Last year Writing East Midlands launched a creative writing project with refugees and asylum seekers called Write Here: Sanctuary. The project took place in safe places in Leicester, Nottingham and Derby. I was lucky enough to be involved in this project and work with and get to know the refugees.
The creative writing workshops in Leicester, which were led by Jess Green, were one of the most beautiful experiences in my life. Everyone has their own opinion of refugees, and you can call mine romantic, but the truth is that for me they are angels who walked amongst us. We had great laughs during and after the workshops, and I daresay that I became their friend.
Anyway, Riding on Solomon’s Carpet And Other Tales from a Safe Place is the title of the work produced during these workshops across three cities of sanctuary in the East Midlands. Having a first-hand experience and seeing how so many of them could barely speak or write in English, the end result in this anthology is stunning.
Below are three extracts from the book, one from each city.
When You’re Alone
When you’re alone you dream and plan to slow music.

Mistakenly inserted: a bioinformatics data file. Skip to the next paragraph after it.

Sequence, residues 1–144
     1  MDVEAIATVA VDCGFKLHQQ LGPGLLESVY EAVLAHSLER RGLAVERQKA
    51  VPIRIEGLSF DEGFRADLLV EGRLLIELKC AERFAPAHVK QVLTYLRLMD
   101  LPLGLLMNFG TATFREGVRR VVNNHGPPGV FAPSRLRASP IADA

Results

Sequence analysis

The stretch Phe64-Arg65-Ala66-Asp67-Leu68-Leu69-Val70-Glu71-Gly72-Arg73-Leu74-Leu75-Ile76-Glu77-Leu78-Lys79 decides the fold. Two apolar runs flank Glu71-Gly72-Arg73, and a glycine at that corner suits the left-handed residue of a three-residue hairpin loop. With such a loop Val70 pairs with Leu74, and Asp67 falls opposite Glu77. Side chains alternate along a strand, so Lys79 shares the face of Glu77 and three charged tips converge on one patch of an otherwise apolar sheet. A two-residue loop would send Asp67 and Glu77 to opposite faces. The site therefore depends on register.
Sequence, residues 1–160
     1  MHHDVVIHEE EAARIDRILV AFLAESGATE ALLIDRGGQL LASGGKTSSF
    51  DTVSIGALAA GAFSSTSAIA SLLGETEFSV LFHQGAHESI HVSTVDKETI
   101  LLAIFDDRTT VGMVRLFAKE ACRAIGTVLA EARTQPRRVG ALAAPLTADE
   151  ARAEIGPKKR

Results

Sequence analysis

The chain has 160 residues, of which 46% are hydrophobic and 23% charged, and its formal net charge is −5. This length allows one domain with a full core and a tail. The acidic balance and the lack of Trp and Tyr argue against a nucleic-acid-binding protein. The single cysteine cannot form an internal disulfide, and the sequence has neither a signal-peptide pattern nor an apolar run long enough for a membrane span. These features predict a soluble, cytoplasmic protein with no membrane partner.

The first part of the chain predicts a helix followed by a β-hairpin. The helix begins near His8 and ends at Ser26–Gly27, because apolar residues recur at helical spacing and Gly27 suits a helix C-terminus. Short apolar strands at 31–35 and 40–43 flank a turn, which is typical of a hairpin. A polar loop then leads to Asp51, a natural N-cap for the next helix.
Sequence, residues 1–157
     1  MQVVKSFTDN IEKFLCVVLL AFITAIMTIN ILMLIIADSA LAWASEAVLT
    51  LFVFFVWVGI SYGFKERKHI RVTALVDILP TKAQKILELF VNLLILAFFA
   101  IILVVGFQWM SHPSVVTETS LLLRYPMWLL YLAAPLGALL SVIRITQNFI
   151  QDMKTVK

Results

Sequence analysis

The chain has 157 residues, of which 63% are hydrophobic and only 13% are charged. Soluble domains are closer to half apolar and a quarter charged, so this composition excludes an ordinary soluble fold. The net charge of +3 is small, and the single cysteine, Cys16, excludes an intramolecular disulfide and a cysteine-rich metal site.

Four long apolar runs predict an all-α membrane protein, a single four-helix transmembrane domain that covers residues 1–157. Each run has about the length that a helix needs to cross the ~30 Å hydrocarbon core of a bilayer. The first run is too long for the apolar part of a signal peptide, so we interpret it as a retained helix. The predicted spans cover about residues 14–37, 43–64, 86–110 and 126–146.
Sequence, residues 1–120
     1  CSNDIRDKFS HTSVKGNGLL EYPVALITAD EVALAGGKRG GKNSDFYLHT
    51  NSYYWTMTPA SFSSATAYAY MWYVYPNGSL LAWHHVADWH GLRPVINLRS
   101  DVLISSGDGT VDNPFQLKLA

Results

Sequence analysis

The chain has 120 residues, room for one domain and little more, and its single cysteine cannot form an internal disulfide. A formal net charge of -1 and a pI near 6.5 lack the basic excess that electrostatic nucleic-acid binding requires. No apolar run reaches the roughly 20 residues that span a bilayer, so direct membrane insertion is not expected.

I used to be a clown when I was in my teens.
Sometimes I feel displaced and lost in a crowded room.
There is a flying house without a door behind the clouds.
Doris Ugiagbe, Nottingham
My first home was in Afghanistan
it was made of
soil, sand and wood.
It looked old but it was beautiful
everyone looked happy.
It was warm in winter
and it was cold in summer
our village looks old
and our villagers look very
A Safe Place
When I went back home fatigued after playing
children’s games, then I rolled out my roof bed,
and I’d look up at the stars and the infinite sky. I
was persistent and I watched it and I kept asking
myself where does all this space and distance end?
I would like to imagine this like the stories of a
thousand and one nights. I thought I was riding on
Solomon’s carpet and I’m going to find the end of
the world. I think it is the safest place in the world
where people are kind and friendly and there is no
war and destruction.
Abdul Rasul, Derby
About the reviewer
Alexandros Plasatis is an immigrant ethnographer who writes fiction in English, his second language. His work has appeared in UK and American anthologies and magazines. He is a volunteer at Leicester City of Sanctuary, where he helps find and develop new creative talent within the refugee and asylum seeker community. He lives in Leicester.